His pictures let viewers witness “a triumph of the individual over corrupt leaders”, and experience “inherent qualities of kindness and caring for others.” Most of his best works have been revived, and are today considered timeless fables filled with love and respect for the struggles of the common man.
Dec 08 2012
Dec 08 2012
Starting at $15.97 (used) The Onion Book of Known Knowledge is useless even for emergency toilet paper or starting fires.
Arson, term used when the purity of setting something aflame gets all tainted by meddling police and lawyers.
Do not be misled by that atypically admirable example, the bulk of the book is consumed by outrageous lies and falsehoods illustrated by this more repesentative excerpt-
Appalachian Trail, 2,180-mile-long path along the Eastern Seaboard of the United States that is the worst, least efficient way to travel from Georgia to Maine. Traversed each year by those who willingly deny the existence of America’s vast transportation system for some inexplicable reason, the Appalachian Trail takes roughly four months to hike but can be covered in two days by car, 26 hours by rail, or five hours by plane-three fully air-conditioned means of conveyance that offer zero chance of getting bitten by mosquitoes, spraining an ankle, or going weeks without bathing. If one absolutely must walk from Springer Mountain to Mount Katahdin, a far more sensible choice would be to use Interstate 95: It’s a straight shot, and there are plenty of stores and hotels along the way so that one doesn’t have to travel across 14 states while carrying 50 pounds of gear. Overall, hiking the Appalachian Trail offers nothing but the chance to grow a mangy beard and waste time. It literally defies logic.
Everyone knows that the Appalachian Trail is an entirely fictional destination used to deceive your spouse while doing the horizontal mambo with your Argentine paramour.
- ISBN-13: 9780316133265
- Publisher: Little, Brown & Company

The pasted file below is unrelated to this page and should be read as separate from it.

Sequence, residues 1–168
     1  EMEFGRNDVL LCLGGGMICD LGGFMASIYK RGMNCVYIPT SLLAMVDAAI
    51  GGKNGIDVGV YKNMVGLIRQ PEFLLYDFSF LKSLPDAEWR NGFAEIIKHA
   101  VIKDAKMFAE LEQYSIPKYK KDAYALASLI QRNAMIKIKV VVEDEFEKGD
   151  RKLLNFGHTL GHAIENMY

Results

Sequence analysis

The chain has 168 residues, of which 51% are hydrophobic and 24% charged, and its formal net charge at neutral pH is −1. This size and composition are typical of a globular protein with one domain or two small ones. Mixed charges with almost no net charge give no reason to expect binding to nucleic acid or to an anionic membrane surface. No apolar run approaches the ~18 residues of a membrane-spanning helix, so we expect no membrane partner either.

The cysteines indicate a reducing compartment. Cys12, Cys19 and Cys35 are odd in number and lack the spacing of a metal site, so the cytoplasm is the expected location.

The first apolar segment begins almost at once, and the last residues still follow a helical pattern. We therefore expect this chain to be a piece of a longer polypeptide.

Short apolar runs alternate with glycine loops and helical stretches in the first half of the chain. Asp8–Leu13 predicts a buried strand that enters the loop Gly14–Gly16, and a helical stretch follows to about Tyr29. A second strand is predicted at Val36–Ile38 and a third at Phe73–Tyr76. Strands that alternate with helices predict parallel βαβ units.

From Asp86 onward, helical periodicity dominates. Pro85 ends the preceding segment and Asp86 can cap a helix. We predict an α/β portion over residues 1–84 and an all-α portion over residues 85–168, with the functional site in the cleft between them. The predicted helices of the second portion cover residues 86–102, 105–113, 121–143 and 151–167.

- Publication date: 10/23/2012
- Pages: 256
- Product dimensions: 8.74 (w) x 10.92 (h) x 0.84 (d)
(for a more extensive preview visit truthout.org)
Dec 08 2012
Welcome to the Stars Hollow Health and Fitness News weekly diary. It will publish on Saturday afternoon and be open for discussion about health related issues including diet, exercise, health and health care issues, as well as, tips on what you can do when there is a medical emergency. Also an opportunity to share and exchange your favorite healthy recipes.
Questions are encouraged and I will answer to the best of my ability. If I can’t, I will try to steer you in the right direction. Naturally, I cannot give individual medical advice for personal health issues. I can give you information about medical conditions and the current treatments available.
You can now find past Health and Fitness News diaries here and on the right hand side of the Front Page.
Follow us on Twitter @StarsHollowGzt
Here’s a new concept: view the holiday party season as an opportunity to eat more vegetables and legumes. I spent a week making Mediterranean vegetable and bean purées that we spread on toasted bread and devoured for lunch and dinner every day. [..]
This week the focus is on the savory (in a couple of weeks I’ll bring you some sweeter and crunchier ideas). As always, the cuisines of the Mediterranean offer everything I am looking for – vibrant, nutrient-dense seasonal vegetables and legumes flavored with herbs, spices and aromatics. I transformed some of my favorite vegetable and legume dishes into spreads simply by blending them in a food processor. Serve these on toasted croutons or crackers, or if you need a lower-carb delivery system, spoon or pipe onto squares of red pepper, endive leaves, or cucumber rounds.
~Martha Rose Shulman~